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A Theory of Atheology: Reason, Critique, and Beyond

Devellennes, Charles (2014) A Theory of Atheology: Reason, Critique, and Beyond. Telos, 166 (1). pp. 81-100. ISSN 0090-6514. (doi:10.3817/0314166081)

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Abstract

Since Georges Bataille’s “Somme athéologique” and Michel Onfray’s “Traité d’athéologie,” the term atheology has entered our vocabularies. Despite the plurality of atheistic perspectives, this article shows that this concept of atheology illustrates a continuity between various strands of philosophical atheism. Moving beyond the school of “new atheists” (Sam Harris, Christopher Hitchens, Richard Dawkins, and Daniel Dennett), it proposes to show the role that reason and critique play in atheistic thought, as well as point to speculative developments in philosophy that propose new areas of investigation. The theory of atheology proposed here is threefold. In the first instance, atheology is analyzed as a negative or reactive phenomenon. A negative atheology (a-theology) is still predominant in much atheist thinking. Scholarly analysis, often done by theologians, proposes to portray atheism as a parasitic phenomenon that lives off the meaning of God being denied. But much of the work of the new atheists also falls all-too-easily within this category of negative atheology. While there are potent attacks upon theology, conceptions of God, and religions that come out of these critiques, they often fall short of good atheology as the claims put forward—particularly on the role that scientific rationalism plays to explain all phenomena and provide evidence for atheism—do not stand scrutiny. In the second instance, a positive theory of atheology is highlighted (atheo-logy). It moves away from scientific reason, and atheology is reconceptualized as a particular type of belief. By situating atheology in the realm of doxa, this part shows that a movement away from dogmatic atheology is possible and desirable. As a belief in the non-existence of God, positive atheology desacralizes belief and reclaims its realm against that of faith. Once this move has been made, the power of critique within atheology will become clearer, as it always depends on contingent claims. Through Kantian, Hegelian, Marxian, and finally Nietzschean critique, a third atheology (metatheology) becomes possible. An agonistic atheology is here sketched, through the dramatic event of the death of God. In a world where the belief in the Christian God is no longer believable, Nietzsche offers a condition of possibility through contingency and pluralism. This contingent pluralism finally opens up the possibility of an atheistic spirituality, a sense of depth and fullness that demands a heroic ethics.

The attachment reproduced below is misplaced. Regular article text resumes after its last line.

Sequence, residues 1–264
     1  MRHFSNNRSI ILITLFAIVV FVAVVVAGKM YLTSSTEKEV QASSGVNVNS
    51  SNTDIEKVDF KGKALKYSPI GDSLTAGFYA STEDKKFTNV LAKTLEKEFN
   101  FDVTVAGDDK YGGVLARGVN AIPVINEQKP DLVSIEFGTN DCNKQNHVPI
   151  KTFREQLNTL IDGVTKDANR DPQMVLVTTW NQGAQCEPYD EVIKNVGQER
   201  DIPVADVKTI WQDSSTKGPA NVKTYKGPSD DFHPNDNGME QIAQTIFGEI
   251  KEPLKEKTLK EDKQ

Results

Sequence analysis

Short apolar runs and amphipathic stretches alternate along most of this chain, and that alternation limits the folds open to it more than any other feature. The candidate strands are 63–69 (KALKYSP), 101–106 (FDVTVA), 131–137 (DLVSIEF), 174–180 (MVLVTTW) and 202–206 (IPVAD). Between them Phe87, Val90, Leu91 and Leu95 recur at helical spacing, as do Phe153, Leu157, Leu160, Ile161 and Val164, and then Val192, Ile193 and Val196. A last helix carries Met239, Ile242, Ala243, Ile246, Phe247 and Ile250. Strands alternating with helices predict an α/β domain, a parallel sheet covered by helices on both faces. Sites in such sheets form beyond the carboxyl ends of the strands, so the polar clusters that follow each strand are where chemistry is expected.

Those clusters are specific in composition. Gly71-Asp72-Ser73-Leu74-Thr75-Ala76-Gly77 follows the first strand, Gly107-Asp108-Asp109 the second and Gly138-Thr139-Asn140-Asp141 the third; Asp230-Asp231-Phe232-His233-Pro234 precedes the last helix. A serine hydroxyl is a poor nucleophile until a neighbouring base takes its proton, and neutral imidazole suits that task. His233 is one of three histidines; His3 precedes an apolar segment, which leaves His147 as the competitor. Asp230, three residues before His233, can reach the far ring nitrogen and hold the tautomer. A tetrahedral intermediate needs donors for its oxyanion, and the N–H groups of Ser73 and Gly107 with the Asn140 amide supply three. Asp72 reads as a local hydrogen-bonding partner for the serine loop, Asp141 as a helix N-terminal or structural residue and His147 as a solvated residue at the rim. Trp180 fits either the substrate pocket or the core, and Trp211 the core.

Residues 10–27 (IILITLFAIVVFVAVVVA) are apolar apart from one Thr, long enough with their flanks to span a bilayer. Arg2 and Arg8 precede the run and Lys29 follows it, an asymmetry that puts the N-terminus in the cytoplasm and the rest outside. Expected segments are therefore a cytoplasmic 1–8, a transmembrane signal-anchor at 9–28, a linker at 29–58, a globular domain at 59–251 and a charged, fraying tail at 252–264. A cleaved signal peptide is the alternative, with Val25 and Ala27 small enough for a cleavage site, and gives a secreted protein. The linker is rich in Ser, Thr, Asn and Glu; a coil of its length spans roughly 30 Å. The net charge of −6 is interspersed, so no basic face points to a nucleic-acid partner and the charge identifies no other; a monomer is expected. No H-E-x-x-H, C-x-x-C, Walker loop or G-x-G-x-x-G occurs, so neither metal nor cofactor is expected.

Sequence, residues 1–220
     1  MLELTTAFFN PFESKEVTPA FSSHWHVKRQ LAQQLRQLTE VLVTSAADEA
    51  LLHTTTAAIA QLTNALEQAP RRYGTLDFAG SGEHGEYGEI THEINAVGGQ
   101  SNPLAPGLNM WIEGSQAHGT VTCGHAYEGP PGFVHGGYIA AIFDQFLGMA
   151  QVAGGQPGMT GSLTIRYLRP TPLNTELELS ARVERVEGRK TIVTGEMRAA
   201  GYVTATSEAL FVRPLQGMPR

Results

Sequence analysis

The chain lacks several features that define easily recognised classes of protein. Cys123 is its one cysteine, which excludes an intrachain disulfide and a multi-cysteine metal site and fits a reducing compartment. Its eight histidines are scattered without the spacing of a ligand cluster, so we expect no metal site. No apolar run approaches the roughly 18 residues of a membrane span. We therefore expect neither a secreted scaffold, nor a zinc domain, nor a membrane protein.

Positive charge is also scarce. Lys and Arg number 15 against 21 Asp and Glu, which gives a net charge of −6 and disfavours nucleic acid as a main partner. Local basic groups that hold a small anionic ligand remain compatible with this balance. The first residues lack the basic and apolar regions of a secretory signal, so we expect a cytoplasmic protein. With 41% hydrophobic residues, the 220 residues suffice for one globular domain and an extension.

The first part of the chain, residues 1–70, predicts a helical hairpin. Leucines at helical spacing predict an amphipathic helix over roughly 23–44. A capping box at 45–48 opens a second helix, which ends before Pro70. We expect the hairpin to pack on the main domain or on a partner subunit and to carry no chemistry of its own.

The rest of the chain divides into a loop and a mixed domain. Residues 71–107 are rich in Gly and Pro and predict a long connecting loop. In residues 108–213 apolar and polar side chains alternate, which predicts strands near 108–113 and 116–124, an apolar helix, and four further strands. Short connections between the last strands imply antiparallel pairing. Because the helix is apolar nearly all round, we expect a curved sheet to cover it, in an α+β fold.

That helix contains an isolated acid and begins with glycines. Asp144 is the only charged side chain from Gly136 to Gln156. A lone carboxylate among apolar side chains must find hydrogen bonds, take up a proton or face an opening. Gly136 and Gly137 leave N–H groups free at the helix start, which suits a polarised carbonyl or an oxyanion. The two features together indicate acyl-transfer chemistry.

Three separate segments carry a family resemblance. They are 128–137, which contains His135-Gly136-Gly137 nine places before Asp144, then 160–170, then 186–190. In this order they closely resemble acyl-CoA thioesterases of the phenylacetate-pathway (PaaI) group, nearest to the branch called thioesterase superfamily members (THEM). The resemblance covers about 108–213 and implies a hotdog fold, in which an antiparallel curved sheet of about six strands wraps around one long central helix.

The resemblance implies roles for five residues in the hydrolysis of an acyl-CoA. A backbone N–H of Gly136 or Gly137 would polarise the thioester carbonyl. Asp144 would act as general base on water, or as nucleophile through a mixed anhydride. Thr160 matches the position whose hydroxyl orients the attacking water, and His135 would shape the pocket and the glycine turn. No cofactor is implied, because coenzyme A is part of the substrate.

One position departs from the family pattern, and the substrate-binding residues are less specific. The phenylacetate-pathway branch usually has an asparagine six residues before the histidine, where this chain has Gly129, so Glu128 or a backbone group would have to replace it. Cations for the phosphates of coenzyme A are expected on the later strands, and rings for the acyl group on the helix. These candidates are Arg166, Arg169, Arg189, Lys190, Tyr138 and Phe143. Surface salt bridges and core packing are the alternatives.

Item Type: Article
DOI/Identification number: 10.3817/0314166081
Subjects: B Philosophy. Psychology. Religion > BL Religion
J Political Science > JC Political theory
Divisions: Faculties > Social Sciences > School of Politics and International Relations
Depositing User: Charles Devellennes
Date Deposited: 23 May 2014 14:36 UTC
Last Modified: 29 May 2019 12:37 UTC
Resource URI: https://kar.kent.ac.uk/id/eprint/41191 (The current URI for this page, for reference purposes)
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